More Georgia Legislative Action

These will just keep coming as the session wears on.

By the way, in my previous posting, I mentioned that I was only posting things “of interest”. I find things interesting if they are: insane; related to my field of work; particularly noteworthy; something I have some knowledge about; or just plain interesting. For example, you won’t find me commenting much on the various education bills because I have a dearth of knowledge surrounding those.

HR 1130 – Repeal the 17th Amendment. This one dropped yesterday. It’s another states’ rights bill. If you recall from civics, the 17th amendment set up the U.S. Senate to be elected directly, rather than appointed by the state legislatures. The bill sponsors apparently believe this is the reason behind today’s big government and the reduction in powers of individual states. If this is your opinion, then the bill is worthy, however some specific text inside it I found laughable:

WHEREAS, the restoration of the United States Constitution by repealing the Seventeenth Amendment would provide that the United States Senators be accountable to their respective state legislatures by whom they were elected;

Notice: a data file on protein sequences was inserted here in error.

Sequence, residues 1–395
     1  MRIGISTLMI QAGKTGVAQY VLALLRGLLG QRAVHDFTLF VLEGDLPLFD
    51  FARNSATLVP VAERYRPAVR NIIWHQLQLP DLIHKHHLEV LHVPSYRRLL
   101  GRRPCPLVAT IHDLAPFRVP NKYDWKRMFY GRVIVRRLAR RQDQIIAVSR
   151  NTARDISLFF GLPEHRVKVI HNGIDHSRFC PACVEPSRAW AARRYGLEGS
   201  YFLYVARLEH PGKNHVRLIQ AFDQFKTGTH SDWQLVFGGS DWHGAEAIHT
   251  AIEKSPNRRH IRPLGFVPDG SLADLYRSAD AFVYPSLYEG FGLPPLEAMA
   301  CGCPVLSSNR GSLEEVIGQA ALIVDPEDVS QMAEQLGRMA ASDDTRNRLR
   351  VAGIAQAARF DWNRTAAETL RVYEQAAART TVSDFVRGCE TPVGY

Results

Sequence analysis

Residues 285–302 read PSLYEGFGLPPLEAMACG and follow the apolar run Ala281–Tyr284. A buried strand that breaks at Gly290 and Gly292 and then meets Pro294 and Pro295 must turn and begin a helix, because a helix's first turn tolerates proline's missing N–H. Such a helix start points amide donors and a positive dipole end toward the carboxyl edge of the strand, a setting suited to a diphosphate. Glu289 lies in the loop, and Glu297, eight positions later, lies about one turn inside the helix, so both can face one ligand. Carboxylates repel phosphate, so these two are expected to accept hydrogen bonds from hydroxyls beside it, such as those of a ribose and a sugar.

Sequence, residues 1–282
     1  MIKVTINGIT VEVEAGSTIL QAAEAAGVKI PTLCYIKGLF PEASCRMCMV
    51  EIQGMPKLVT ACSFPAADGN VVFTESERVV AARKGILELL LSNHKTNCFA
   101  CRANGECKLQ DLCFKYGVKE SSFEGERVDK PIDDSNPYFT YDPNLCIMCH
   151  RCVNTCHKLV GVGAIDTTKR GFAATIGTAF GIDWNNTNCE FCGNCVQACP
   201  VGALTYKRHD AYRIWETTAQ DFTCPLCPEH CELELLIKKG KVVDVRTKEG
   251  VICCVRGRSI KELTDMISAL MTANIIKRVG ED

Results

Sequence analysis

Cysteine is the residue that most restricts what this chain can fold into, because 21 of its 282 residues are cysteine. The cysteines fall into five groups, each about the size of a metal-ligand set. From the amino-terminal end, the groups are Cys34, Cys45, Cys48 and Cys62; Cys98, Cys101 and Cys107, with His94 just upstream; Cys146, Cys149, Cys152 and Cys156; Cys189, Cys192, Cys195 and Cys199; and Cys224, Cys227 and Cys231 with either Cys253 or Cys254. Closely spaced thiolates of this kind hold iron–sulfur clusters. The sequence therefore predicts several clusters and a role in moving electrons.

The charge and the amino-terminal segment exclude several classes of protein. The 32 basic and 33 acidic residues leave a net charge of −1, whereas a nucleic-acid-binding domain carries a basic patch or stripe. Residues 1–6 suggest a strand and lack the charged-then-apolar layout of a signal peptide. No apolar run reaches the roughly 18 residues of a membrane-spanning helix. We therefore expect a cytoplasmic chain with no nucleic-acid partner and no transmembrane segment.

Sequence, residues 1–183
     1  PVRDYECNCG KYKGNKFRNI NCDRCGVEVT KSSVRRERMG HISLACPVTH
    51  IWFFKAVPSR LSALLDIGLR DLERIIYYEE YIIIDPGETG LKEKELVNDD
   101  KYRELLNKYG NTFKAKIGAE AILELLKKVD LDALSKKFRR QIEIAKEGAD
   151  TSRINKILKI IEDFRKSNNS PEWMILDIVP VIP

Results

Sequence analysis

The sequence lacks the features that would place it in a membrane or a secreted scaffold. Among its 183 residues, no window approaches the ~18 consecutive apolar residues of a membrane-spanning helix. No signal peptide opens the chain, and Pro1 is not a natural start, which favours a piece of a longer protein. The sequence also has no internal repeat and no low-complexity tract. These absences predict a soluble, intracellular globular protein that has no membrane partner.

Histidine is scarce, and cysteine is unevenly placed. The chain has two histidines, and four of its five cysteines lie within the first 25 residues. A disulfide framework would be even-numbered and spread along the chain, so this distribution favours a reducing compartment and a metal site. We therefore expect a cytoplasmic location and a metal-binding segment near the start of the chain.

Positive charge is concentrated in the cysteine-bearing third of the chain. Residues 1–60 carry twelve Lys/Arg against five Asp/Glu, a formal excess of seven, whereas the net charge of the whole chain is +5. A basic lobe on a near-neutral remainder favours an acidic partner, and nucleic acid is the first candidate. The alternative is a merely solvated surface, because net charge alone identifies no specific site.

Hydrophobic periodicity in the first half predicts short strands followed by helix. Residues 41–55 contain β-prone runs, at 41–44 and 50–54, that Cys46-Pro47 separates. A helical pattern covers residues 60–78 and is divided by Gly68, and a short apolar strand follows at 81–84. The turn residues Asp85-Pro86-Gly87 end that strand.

I’m not sure how these newly appointed Senators would be more accountable. They’ll still serve 6 years, you guys, and I don’t remember any recall provisions in our constitution.

HB 735 – Weapons Training for Carry Licenses. This bill would require a person to have some training in their weapon of choice before being issued a carry license. I approve.

UPDATE: Jim Galloway of the AJC has something to say about the Repeal Resolution:

Five Republican members of the House – most, if not all, freshmen – have introduced a resolution demanding that the United States return to a system in which U.S. senators are selected by state legislatures. To save Johnny Isakson and Saxby Chambliss all that fundraising, no doubt. The authors of H.R. 1130 are Kevin Cooke, R-Carrollton; Josh Clark, R-Buford;l Delvis Dutton, R-Glennville; Buzz Brockway, R-Lawrenceville; and Christian Coomer, R-Cartersville.

All of them live in a state that can’t even back away from electing a state school superintendent.

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